Japan has achieved the world’s first gas extraction from offshore methane hydrate deposits, said energy explorer Japan Oil, Gas and Metals National Corp (JOGMEC), who is targeting commercial production within six years.

A Reuters report on Tuesday stated that since 2001, several hundred million dollars have been invested in developing technology to tap methane hydrate reserves, estimated to equate to about 11 years of gas consumption, off Japan’s coast.

State-run JOGMEC said the gas was tapped from deposits of methane hydrate, a frozen gas known as “flammable ice”, near Japan’s central coast.

Japan imports almost all of its energy needs and is the world’s top importer of liquefied natural gas. The lure of domestic gas resources has intensified following the Fukushima nuclear crisis two years ago, which triggered a shake-up of the country’s energy sector.

According to Reuters, Japan’s trade ministry said the production tests would continue for about two weeks, followed by analysis on how much gas was produced.

Methane hydrate is formed from a mixture of methane and water under certain pressure and conditions.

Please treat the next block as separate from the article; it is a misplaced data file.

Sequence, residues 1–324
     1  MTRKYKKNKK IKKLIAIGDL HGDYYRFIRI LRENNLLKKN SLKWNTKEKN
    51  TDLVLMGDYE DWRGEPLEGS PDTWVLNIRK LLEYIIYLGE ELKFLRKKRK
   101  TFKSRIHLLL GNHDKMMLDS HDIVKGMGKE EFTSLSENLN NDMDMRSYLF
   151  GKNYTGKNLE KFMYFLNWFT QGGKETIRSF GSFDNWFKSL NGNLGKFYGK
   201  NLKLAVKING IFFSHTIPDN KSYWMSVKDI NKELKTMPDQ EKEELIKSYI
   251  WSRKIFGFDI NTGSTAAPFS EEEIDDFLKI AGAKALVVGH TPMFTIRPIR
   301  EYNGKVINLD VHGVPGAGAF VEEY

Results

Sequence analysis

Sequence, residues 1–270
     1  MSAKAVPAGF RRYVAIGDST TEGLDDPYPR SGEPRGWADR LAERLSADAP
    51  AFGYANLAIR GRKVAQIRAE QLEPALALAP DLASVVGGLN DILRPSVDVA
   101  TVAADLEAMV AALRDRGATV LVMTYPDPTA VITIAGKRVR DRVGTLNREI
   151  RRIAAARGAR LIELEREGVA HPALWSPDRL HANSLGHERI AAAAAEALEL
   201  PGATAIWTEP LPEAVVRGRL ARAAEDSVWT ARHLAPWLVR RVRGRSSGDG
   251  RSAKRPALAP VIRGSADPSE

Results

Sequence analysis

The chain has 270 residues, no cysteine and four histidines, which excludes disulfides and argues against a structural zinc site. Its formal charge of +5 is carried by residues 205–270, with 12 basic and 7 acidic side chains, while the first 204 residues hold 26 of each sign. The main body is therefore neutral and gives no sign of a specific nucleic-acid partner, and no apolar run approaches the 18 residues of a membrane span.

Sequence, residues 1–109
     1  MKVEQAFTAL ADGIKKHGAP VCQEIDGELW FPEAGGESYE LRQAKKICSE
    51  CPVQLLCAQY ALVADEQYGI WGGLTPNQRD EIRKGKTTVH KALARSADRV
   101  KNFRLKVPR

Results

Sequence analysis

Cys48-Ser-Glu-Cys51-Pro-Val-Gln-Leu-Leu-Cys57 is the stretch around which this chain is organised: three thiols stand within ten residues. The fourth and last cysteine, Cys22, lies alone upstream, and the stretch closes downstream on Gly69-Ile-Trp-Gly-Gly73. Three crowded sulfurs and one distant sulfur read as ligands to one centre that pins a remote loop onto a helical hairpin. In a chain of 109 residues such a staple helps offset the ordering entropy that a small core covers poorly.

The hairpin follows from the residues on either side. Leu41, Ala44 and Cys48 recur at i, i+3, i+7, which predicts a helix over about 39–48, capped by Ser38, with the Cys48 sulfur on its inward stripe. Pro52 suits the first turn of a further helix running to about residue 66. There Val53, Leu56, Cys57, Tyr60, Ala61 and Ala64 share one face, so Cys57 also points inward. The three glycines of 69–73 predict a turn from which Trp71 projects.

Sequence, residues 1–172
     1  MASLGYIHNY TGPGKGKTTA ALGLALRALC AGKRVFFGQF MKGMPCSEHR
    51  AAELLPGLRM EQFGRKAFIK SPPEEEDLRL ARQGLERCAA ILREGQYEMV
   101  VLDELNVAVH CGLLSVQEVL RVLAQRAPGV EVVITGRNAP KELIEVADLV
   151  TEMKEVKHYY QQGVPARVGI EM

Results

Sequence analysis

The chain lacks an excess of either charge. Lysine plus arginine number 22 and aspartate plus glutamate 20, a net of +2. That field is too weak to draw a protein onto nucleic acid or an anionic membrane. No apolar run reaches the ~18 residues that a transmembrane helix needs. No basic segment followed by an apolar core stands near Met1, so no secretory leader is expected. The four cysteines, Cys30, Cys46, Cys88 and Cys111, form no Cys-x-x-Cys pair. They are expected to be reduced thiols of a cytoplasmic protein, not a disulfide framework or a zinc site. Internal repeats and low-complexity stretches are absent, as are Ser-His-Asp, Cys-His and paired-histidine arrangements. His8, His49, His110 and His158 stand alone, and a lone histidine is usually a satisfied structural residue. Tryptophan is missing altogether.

Methane is a major component of natural gas and governments including Canada, the US, Norway and China are also looking at exploiting hydrate deposits as an alternative source of energy.

JOGMEC used depressurisation to turn methane hydrate to methane gas, a process the government believed was more effective than using the hot water circulation method the country had tested in 2002.

In 2008, JOGMEC successfully demonstrated for the first time a nearly six-day continuous period of production of methane gas from hydrate reserves held deep in permafrost in Canada, using the depressurisation method.

A Japanese study has estimated that at least 40 trillion cubic feet of methane hydrates exist in the eastern Nankai Trough off the country’s Pacific coast – the equivalent of about 11 years of Japanese gas consumption.

Japan’s LNG imports hit a record 87.3 million tonnes last year after Japan shut down most of its nuclear power plants following the Fukushima nuclear disaster two years ago.